See Also: The Marine Corps says it’s not trying to keep female Marines out of combat

The study’s summary did note the performance of female Marines in individual combat situations and in current overall combat operations, saying: “Female Marines have performed superbly in the combat environments of Iraq and Afghanistan and are fully part of the fabric of a combat-hardened Marine Corps after the longest period of continuous combat operations in the Corps’ history.”

10. Training “Moderate” Syrian rebels falls apart

The first round of American-trained “moderate” Syrian fighters made their way into Syria in September 2015. They were quickly routed by or defected to the al-Qaeda affiliated Jabhat al-Nusra Front, a Sunni Islamist group. Al-Nusra stormed the rebel headquarters and took some of the fighters hostage. Later the same month, 75 more American-trained Syrian rebels entered the country via Turkey, where the majority of the training takes place. Almost immediately, those U.S.-backed fighters surrendered to the al-Nusra front. The “vetted” U.S.-backed leader, Anas Obaid, told al-Nusra he intentionally deceived the U.S. to get the weapons.

The top 15 military stories of 2015

The U.S.’ $500 million dollar plan to arm and train “moderate” Syrian rebels was a disaster. CENTCOM, which oversees U.S. military operations in the Middle East, reported of the 5,400 rebels planned to be in Syria fighting ISIS this year, there were only “four or five” active fighters in country. The CENTCOM spokesman went on to say there is no way the goal could be reached in 2015. The Obama Administration nixed the plan to train rebels by October 9th.

11. Congress saves A-10 from the Air Force

The A-10 Thunderbolt II is the only aircraft built specifically for a close-air support mission. The signature feature is its 30mm gatling gun, the GAU-8 Avenger. The distinctive sound made by the weapon (the BRRRRRT – created as rounds fire faster than the speed of sound), has been music to the ears of the troops on the ground, so much so that the plane has earned the nickname of “the grunt in the air.” The Air Force wanted to retire the slow-moving but stout plane to make room in their budget for the F-35 Joint Strike Fighter, which Air Force Chief of Staff Gen. Mark Welsh III says is “designed for the whole battlespace.” But critics claim the F-35 ill-suited for the close air support mission.

The top 15 military stories of 2015
Capt. Richard Olson gets off an A-10 Warthog at Kandahar Airfield, Afghanistan, (U.S. Air Force photo)

In the 2016 National Defense Authorization Act, Congress ordered the Air Force to produce a reliable, independent study on how they will replace the A-10’s CAS mission while providing the necessary funds to keep the Warthog flying.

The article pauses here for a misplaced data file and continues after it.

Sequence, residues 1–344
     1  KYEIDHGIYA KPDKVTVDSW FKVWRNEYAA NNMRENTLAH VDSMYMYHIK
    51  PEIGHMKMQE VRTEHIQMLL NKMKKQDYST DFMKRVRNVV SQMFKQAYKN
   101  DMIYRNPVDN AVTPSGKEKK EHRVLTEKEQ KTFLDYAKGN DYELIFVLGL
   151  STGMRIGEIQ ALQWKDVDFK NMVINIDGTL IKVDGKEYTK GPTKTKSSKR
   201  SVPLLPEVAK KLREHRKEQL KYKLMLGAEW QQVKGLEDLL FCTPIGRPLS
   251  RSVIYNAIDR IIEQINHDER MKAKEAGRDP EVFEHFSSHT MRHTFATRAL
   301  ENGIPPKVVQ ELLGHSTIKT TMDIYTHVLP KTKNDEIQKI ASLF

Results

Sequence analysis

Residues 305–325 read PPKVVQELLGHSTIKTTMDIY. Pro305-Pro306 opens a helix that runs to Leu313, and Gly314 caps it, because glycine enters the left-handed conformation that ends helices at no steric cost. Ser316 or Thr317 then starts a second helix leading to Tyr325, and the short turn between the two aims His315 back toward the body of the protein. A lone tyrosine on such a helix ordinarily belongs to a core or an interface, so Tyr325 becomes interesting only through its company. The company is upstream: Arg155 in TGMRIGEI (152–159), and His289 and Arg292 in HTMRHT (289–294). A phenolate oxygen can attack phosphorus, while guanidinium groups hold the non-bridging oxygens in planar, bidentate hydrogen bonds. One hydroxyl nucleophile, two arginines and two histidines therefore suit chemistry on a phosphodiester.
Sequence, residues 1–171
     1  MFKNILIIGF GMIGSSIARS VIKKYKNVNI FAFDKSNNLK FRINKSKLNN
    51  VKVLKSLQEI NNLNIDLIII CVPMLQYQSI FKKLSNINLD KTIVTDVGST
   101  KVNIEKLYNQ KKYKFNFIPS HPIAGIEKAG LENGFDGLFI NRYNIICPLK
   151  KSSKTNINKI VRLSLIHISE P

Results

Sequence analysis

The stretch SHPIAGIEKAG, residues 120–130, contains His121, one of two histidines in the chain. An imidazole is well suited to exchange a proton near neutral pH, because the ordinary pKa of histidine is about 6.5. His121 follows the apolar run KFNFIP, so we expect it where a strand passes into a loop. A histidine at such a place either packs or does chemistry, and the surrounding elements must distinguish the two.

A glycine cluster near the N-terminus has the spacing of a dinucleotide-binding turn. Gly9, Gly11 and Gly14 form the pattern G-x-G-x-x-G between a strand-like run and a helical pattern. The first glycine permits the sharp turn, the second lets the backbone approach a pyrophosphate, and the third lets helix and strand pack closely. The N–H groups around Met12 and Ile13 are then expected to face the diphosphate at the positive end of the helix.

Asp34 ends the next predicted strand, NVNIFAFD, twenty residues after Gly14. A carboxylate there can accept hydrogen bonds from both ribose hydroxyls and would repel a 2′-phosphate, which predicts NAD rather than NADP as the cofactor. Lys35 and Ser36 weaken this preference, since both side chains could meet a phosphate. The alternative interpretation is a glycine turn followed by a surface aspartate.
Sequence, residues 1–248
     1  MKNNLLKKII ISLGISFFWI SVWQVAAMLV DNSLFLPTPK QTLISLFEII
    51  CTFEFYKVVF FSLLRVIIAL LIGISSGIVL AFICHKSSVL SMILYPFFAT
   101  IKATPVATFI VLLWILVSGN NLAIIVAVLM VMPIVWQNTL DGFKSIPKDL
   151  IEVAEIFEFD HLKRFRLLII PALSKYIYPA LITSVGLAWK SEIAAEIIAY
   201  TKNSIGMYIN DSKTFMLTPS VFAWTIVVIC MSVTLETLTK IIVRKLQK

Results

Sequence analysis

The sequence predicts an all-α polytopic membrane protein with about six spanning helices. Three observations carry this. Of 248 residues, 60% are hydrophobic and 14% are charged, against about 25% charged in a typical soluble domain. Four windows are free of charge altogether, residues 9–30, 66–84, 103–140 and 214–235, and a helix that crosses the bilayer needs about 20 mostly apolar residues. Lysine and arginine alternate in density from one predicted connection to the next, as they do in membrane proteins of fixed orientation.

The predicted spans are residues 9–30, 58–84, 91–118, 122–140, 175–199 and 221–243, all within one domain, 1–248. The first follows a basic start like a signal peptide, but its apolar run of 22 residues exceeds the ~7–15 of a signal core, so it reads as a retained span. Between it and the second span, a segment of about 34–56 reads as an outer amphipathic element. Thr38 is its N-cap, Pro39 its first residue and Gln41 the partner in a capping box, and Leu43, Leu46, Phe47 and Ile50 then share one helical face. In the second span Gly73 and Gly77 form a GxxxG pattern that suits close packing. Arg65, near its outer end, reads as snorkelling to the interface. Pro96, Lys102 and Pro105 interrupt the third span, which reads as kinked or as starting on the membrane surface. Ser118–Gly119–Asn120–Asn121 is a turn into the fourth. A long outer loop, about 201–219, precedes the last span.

12. President Obama extended U.S. military’s Afghan mission into 2017

They won’t have a direct combat role, but U.S. troops will remain in Afghanistan through 2017.  When President Obama leaves office in 2017, 5,500 troops will remain in Afghanistan. A resurgent Taliban and a growing ISIS threat will keep the U.S. forces busy as they work to keep the Afghan government in power.

The Obama Administration announced the extension in October. The War in Afghanistan is almost 15 years old and claimed the lives of 2,230 service members and cost more than $1 trillion. The new yearly plan costs upwards of $15 billion per year.

13. ISIS and China hack DoD computers, stealing troops’ personal data

In mid-October, a native of Kosovo was detained in Malaysia and alleged to be the hacker who had forced his way into the U.S. government software that held the personal information of U.S. troops and federal workers. The Kosovar, said to have ties to ISIS, stole data belonging to 1,300 people and gave it to the terror group’s hacking division.

One month prior, Chinese hackers forced their way into the systems of the Office of Personnel Management, and stole 5.6 million fingerprints, which, in turn, affected the compromised the records of 21.5 million Federal employees and applicants. The personal data also potentially contained information about intelligence agents posted overseas. The data included the employees’ biographical forms used when applying for sensitive or classified jobs.

14. All Combat Jobs are opened to women

Secretary of Defense Ash Carter ordered the Pentagon to open all military combat roles to women, rejecting limitations on the most dangerous military jobs. The secretary’s orders gave the branches until January 1st to plan their changes and force those combat roles open to women by April 1st, including infantry, reconnaissance, and special operations forces.

The top 15 military stories of 2015
(U.S. Marine Corps photo)

Women already have access to most front-line roles in the Army, Navy and Air Force. Earlier in 2015, women were integrated into the Navy’s Submarine Service. Women have been serving as fighter pilots in the Air Force and Navy since 1993, and the Army has been fighting to open its infantry positions to women since September 2015. The defense secretary’s rationale was simply that any qualified candidate should be allowed to compete for the jobs.

15. U.S. deploys special forces ground troops to fight ISIS